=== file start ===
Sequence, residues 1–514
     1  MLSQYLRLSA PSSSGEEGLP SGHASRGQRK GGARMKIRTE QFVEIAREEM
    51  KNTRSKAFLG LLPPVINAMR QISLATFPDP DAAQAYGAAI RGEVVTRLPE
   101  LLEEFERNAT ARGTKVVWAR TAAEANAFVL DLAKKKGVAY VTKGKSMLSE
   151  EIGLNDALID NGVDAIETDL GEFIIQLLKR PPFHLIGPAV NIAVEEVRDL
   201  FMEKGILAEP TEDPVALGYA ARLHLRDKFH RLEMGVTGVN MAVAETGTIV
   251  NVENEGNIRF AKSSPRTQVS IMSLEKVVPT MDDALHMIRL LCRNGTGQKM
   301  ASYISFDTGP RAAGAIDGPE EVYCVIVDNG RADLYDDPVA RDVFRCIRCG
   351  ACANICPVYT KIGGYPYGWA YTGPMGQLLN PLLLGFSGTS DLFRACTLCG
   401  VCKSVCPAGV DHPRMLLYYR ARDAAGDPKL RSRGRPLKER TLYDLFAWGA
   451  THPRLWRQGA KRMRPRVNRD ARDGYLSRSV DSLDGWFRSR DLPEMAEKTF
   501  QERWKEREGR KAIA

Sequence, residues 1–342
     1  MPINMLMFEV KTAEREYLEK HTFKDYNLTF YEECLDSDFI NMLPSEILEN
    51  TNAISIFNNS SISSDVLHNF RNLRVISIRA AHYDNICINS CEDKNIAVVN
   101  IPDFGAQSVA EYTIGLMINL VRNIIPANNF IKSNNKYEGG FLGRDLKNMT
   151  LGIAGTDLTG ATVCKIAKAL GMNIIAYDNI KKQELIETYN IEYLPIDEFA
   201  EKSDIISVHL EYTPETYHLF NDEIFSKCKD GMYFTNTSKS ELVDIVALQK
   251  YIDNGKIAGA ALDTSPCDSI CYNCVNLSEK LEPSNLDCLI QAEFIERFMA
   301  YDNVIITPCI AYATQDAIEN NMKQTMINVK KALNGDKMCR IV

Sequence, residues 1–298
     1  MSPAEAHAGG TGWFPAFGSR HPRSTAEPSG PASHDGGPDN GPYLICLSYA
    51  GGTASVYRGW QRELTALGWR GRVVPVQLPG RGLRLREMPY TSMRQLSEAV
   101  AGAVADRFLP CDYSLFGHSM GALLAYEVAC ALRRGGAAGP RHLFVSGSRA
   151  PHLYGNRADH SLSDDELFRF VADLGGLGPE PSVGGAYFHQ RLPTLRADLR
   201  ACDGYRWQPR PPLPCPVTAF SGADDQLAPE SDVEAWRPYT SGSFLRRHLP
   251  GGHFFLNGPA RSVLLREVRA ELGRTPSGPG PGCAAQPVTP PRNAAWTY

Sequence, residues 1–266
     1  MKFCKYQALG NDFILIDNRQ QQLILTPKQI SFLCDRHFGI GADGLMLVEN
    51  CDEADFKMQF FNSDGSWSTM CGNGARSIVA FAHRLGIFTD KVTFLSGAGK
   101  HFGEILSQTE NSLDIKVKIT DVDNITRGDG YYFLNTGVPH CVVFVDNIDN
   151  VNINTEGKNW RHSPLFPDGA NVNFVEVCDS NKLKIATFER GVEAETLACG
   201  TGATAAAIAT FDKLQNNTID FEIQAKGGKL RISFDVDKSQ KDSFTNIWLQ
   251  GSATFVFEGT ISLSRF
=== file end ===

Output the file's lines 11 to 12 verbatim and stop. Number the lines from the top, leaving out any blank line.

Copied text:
   451  THPRLWRQGA KRMRPRVNRD ARDGYLSRSV DSLDGWFRSR DLPEMAEKTF
   501  QERWKEREGR KAIA